The agreement covers a Tribal Monitoring Plan and a Historic Trails and Archaeological Monitoring Plan for the hundreds of already identified archaeological sites that would be affected. If previously unidentified sites are encountered during construction, TransCanada, DOS, and the consulting parties are supposed to follow procedures described in a chapter on Unanticipated Discovery Plans.

The proposed project area contains many unevaluated stone circle sites that were identified during cultural resource surveys. Several of these sites may be adversely affected by the proposed project, according to the FEIS. The State Department will continue to work with the tribes, Bureau of Land Management, states and applicants to avoid or treat the sites, it said in the environmental impact statement.

Tipi rings, also known as stone circles, are the primary representative of Native American settlement in Montana, South Dakota and other states on the pipeline route in the period before non-Indians arrived, which is known as the “pre-contact” period. Tipi rings are made up of rocks assembled in concentric rings to anchor mobile dwellings, the DOS recognized.

Sites can consist of a single ring to many dozen. The sites often include pits and hearths, and may include artifacts such as fire-cracked rock, animal bone, and stone tools, the environmental impact statement noted.

The proposed pipeline route would cross El Camino Real de Los Tejas National Historic Trail in Nacogdoches County, Texas, and the Lewis and Clark National Historic Trail in Montana.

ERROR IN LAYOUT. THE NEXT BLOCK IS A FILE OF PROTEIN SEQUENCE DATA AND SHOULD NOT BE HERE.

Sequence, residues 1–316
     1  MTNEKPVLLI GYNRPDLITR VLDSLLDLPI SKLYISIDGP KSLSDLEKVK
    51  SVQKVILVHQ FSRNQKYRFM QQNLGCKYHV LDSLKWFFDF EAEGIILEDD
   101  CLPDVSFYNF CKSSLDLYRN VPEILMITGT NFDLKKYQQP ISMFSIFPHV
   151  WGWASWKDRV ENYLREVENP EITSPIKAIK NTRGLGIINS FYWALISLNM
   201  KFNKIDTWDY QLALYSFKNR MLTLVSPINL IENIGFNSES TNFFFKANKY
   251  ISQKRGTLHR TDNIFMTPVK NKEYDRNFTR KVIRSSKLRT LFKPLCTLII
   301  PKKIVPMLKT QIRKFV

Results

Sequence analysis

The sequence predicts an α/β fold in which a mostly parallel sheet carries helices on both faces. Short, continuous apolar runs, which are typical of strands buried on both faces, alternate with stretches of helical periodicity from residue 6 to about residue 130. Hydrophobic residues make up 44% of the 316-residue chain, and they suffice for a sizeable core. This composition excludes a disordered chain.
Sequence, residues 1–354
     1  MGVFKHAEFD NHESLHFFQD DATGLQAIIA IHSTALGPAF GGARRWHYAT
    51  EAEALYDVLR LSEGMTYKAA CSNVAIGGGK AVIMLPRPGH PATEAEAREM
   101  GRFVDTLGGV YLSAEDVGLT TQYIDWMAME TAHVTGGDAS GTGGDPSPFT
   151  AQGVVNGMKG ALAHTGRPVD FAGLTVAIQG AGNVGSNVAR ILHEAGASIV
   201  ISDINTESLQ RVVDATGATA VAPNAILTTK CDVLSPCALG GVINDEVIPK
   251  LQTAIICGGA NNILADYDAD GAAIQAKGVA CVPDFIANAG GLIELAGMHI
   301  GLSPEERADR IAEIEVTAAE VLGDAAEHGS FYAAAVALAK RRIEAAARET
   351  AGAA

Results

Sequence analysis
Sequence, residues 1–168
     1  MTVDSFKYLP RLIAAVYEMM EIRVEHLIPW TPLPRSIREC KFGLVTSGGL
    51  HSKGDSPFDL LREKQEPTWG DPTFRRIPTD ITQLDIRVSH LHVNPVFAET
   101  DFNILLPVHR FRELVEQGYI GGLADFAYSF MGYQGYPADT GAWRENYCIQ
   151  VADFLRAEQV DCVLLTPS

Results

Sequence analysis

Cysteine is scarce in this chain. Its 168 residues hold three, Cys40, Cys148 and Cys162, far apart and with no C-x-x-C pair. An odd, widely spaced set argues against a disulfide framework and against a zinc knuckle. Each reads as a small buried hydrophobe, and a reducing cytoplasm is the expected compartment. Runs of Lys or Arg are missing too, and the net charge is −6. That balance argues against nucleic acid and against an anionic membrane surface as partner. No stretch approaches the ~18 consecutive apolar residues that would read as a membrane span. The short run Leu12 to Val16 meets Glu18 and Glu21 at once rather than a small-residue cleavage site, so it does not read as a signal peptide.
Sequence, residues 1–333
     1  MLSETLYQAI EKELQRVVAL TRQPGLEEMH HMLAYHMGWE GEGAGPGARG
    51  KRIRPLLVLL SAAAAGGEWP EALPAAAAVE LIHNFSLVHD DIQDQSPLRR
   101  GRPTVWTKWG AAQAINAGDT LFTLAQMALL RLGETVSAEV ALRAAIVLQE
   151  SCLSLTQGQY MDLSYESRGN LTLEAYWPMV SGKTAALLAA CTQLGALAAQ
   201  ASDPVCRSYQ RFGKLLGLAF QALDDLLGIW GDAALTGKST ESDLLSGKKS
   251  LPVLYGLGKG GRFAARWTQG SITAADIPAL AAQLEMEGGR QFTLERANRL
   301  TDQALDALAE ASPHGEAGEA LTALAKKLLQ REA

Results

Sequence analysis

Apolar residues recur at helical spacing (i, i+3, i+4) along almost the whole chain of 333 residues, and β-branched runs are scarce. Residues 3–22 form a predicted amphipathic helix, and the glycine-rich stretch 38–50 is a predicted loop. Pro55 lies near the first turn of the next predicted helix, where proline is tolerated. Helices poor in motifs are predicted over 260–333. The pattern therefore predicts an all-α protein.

Native Americans used the Texas trail in the pre-contact period before colonists traveled it between settlements. At least four segments of historic roadbeds, which are potentially associated with it, have been identified as historic properties in the proposed project area. Forty-five Indian tribes have notified DOS that they would like to become consulting parties.

Additionally, two tribes are undecided and have been participating in calls and meetings. Nineteen tribes have notified DOS that they do not wish to consult or have no objection to the proposal, but would like to be notified should human remains be found, as the FEIS indicates.

Twenty-seven tribes did not respond to letters inviting consultation. According to the State Department, the tribes initially were invited to consult by letters dated Jan. 30, 2009. Additional tribal members identified by the BLM were invited to consultation by letters dated Feb. 19, 2009.

Another letter from DOS dated April 1, 2009, again invited tribes that had not yet responded to the invitations. Federal personnel made telephone calls March 18 through March 23, 2009 to tribal officials who had not yet responded.

During late September and early October this year, the State Department will host a series of nine public meetings around the United States to give individuals an opportunity to voice their views on whether granting or denying a Presidential Permit for the pipeline would be in the national interest.

The meeting schedule is as follows: Sept. 26, in Port Arthur, Texas; Topeka, Kans. ; Sept. 27, in Glendive, Mont., and in Lincoln, Neb.; Sept. 28, in Austin, Texas; Sept. 29, in Pierre, South Dakota;. and in Atkinson, Neb.; Sept. 30, in Midwest City, Oklahoma; Oct. 7, in Washington, D.C., time and location to be announced.

The FEIS and its Executive Summary, as well as additional details about these meetings (including venues,) are available on the State Department’s website: www.keystonepipeline-xl.state.gov.

In conjunction with the meetings, the DOS is accepting public comments now through midnight on Oct. 9. Details about how to submit comments are available on the State Department’s website.

(Talli Nauman is the Health and Environment Editor for Native Sun News. Contact her at talli.nauman@gmail.com) Copyright permission by Native Sun News